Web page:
How to Record Vocals in a Bedroom

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Don’t have a dedicated recording studio? Recording in your house? Check out these tips and tricks from Audiotuts+ to get the most out of your sound in an imperfect setting.

The number one factor in vocal recording is the room. You might’ve thought it was the mic you’re using or the pre-amp you’re running it through, but the truth is if you’ve got a U87 and an Avalon but the room you’re recording in is crap, you won’t be much farther ahead than a guy using a Behringer mic through an Mbox.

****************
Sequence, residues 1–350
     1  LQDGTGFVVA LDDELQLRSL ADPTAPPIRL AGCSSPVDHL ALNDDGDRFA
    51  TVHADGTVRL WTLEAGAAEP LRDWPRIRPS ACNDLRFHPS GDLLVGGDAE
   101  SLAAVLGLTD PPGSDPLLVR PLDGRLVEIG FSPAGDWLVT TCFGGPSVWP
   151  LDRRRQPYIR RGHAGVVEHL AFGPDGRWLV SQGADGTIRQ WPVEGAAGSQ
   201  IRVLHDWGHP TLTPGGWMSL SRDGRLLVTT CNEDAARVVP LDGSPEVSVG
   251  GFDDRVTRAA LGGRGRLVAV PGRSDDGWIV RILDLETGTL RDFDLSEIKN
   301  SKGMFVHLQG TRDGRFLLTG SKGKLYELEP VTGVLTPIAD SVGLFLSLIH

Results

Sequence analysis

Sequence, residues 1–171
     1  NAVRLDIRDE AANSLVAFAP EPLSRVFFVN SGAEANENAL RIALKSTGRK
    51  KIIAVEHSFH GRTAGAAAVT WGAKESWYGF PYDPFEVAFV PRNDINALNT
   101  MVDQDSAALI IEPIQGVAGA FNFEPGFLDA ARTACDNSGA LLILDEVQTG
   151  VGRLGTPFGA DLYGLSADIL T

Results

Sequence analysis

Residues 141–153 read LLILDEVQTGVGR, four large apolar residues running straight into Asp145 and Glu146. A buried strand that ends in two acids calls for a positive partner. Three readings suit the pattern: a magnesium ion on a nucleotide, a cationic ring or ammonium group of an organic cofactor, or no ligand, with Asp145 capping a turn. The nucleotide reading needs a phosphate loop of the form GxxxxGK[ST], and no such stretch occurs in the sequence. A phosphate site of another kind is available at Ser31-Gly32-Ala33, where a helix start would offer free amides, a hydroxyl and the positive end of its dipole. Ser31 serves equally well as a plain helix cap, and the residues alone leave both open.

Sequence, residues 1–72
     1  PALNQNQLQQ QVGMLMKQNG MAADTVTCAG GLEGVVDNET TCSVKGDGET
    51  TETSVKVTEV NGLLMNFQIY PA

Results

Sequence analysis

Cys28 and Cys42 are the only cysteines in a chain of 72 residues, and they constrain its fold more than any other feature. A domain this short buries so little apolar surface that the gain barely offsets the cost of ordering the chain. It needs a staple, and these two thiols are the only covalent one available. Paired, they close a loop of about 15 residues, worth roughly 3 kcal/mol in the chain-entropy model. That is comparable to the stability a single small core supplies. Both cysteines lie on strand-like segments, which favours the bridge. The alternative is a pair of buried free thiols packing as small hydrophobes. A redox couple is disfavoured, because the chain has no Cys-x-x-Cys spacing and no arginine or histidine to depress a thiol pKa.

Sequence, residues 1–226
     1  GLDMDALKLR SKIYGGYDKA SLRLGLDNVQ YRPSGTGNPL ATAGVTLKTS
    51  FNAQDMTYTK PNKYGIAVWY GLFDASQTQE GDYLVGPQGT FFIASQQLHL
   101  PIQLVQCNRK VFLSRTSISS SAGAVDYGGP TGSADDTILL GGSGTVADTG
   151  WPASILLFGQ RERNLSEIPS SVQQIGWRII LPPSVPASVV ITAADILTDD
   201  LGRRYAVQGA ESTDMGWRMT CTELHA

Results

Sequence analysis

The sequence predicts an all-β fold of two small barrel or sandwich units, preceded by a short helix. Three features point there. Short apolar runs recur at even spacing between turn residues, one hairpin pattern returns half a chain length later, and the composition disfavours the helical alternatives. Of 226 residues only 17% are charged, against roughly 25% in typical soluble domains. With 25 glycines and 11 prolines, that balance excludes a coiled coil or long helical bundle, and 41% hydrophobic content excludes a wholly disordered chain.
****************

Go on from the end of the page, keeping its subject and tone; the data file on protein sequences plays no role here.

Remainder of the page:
You could buy one of those (often rather expensive) reflection shields that attach to the stand and sit behind the microphone, and this will do you some good, particularly if your mic is omnidirectional. However, most common vocal microphones for both home and studio users are cardioid, so the shield will still help to an extent but the majority of problem reflections will come from the front — that is, the surfaces behind the vocalist’s head.

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